Britain had already signed deals for more than 340 million doses of a vaccine. The total stockpile means that — if the vaccines all work — there will be enough for every person in Britain to have five doses. Most of the vaccines require two to be effective.

Britain is preparing to revise laws to allow the emergency use of any effective coronavirus vaccine before it is fully licensed — but only if it meets required safety standards.

The UK has also joined Covax, the UN scheme pooling funds from wealthier countries and non-profits to develop two billion doses of an effective, approved and equally distributed vaccine by the end of the 2021.

The UK had previously announced £48 million to finance Covax vaccines for lower-income countries. The World Health Organisation said last month that 172 countries and multiple candidate vaccines were engaged in talks about joining the initiative.

How does Russia’s vaccine work?

Vladimir Putin has announced that Russia has approved the world’s first coronavirus vaccine.

Moscow has hailed the speedy development of the vaccine as evidence of its medical prowess, but scientists have raised concerns about a lack of testing and transparency. 

According to a study in the Lancet, Russia’s “fast-track” Covid-19 vaccine is safe and produces two forms of immune response against the virus. However, the new study of two early-phase trials reveals that the drug has so far only been tested on a total of 76 people – and not by the most rigorous of methods.

The vaccine has been named “Sputnik V”, drawing comparisons to the Cold War space race.

The Telegraph has revealed that Britain is likely to reject a vaccine from Russia, amid serious concerns over its trial processes.

Mr Putin’s spokesman, Dmitry Peskov, said the Russian president was considering whether to be vaccinated.

Is there vaccine research being done in the US?

Donald Trump has said the US would start mass production of any vaccines developed before they are fully approved so that they can be quickly distributed once rubber-stamped. 

The president has accused the US Food and Drug Administration (FDA) of preventing pharmaceutical companies from finding people to test coronavirus vaccines on. Mr Trump suggested “deep state” elements at the FDA wanted to delay a vaccine until after the election.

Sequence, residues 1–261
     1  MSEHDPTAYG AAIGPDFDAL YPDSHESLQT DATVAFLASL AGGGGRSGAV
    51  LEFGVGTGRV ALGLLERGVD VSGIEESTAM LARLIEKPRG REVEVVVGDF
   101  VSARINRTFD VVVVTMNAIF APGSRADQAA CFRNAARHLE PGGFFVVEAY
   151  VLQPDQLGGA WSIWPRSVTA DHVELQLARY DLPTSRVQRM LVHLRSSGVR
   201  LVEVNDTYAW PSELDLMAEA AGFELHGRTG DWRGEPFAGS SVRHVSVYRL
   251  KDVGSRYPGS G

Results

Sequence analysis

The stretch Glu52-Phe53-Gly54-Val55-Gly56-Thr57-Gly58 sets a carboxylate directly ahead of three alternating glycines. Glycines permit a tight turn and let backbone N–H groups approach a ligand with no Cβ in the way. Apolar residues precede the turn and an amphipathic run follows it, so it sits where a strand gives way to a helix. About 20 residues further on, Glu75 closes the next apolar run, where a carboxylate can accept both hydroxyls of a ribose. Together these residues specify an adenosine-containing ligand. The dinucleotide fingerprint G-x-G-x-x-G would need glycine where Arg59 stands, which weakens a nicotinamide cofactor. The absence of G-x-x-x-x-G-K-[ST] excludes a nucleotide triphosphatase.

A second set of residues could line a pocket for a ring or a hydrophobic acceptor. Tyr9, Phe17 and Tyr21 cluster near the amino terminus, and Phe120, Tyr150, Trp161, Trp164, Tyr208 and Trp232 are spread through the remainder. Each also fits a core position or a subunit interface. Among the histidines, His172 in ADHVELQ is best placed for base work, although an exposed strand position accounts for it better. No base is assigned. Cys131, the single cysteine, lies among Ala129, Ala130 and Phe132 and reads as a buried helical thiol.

Only half of Americans are now willing to take a vaccine for Covid-19, a significant drop due to growing concerns the approvals process will be rushed.

The US has already signed contracts worth billions of dollars to distribute the vaccine.

Moderna’s vaccine trial showed promising early results after the candidate reportedly produced protective antibodies in a small group of healthy volunteers. A third trial involving thousands of people started in July. Even if the trials are successful Moderna’s vaccine would not be available until between January and June 2021. 

On August 11, Mr Trump said his government will purchase 100 million doses of Moderna’s experimental vaccine.

Some scientists have expressed concerns that the FDA, which would need to approve any potential vaccine, could be pressured by the White House into clearing an unproven drug before election day on November 3.

The first coronavirus vaccine that aims to protect people with a single shot has entered the final stages of testing in the US in an international trial that will recruit up to 60,000 participants. The experimental vaccine being developed by pharmaceutical giant Johnson & Johnson is the fourth vaccine to enter the large, Phase 3 trials in the US.

On October 12, Johnson & Johnson’s trial was temporarily halted because one of its participants had become sick.

Is China working on a vaccine?

China has moved up a gear in the pivotal area of vaccine diplomacy, with a string of positive announcements from Beijing.

SinoVac, the Chinese pharmaceutical firm, says its vaccine is nearly ready and will be rolled-out across the world early next year.  

Sinovac is one of four Chinese vaccines in last-stage human trials, a higher number than any other nation in the world

However, some are concerned about the quality of the vaccines and that they are being used to gain political leverage.

Beijing was so confident in its homegrown inoculations that authorities had been administering vaccines for more than a month before clinical studies conclude, authorities revealed at the beginning of September.